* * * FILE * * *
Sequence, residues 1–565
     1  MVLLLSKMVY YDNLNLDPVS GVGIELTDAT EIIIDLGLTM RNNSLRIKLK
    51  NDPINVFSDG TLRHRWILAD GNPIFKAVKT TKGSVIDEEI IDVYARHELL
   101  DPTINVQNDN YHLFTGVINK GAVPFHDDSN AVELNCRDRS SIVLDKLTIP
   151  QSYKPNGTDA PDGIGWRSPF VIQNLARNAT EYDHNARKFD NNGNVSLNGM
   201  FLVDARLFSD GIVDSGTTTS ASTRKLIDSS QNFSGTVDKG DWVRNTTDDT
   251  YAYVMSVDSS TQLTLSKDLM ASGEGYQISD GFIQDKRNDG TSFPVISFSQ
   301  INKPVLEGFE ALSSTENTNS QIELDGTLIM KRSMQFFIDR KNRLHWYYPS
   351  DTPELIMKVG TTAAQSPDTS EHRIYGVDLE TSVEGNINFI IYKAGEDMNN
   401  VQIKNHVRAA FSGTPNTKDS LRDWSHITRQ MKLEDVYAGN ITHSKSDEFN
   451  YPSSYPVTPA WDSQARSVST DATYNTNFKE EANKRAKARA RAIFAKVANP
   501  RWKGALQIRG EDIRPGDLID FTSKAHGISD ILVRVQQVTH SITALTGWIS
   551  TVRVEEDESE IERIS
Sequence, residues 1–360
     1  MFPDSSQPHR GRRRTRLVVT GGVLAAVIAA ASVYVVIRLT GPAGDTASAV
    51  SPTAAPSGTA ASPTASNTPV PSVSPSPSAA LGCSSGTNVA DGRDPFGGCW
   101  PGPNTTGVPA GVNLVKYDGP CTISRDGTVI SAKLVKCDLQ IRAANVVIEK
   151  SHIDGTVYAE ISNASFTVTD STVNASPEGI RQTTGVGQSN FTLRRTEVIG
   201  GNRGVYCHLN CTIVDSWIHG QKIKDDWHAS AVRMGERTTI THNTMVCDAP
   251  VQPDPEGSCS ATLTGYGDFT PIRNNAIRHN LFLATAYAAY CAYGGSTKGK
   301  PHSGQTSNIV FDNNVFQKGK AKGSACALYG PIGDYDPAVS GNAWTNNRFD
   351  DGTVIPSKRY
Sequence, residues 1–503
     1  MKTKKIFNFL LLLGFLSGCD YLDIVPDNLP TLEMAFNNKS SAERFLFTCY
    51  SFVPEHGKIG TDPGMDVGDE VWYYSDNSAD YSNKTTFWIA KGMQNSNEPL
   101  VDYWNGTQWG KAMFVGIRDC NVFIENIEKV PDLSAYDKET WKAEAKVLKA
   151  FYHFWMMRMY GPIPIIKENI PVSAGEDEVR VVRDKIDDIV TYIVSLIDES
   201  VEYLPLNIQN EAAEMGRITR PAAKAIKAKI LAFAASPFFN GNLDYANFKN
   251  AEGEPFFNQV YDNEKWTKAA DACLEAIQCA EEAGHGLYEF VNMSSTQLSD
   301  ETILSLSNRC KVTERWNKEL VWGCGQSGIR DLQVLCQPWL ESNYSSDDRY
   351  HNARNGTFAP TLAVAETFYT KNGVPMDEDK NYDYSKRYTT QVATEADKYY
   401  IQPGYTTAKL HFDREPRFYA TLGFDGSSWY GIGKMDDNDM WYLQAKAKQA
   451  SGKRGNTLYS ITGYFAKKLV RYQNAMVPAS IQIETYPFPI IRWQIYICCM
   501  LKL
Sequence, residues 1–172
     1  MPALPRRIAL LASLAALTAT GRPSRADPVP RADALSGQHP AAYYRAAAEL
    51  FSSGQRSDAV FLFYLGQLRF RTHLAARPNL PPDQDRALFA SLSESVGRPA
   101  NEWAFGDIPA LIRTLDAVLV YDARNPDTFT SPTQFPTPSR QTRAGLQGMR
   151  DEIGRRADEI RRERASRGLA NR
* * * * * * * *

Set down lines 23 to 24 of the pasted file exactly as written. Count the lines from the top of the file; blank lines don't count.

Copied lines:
Sequence, residues 1–503
     1  MKTKKIFNFL LLLGFLSGCD YLDIVPDNLP TLEMAFNNKS SAERFLFTCY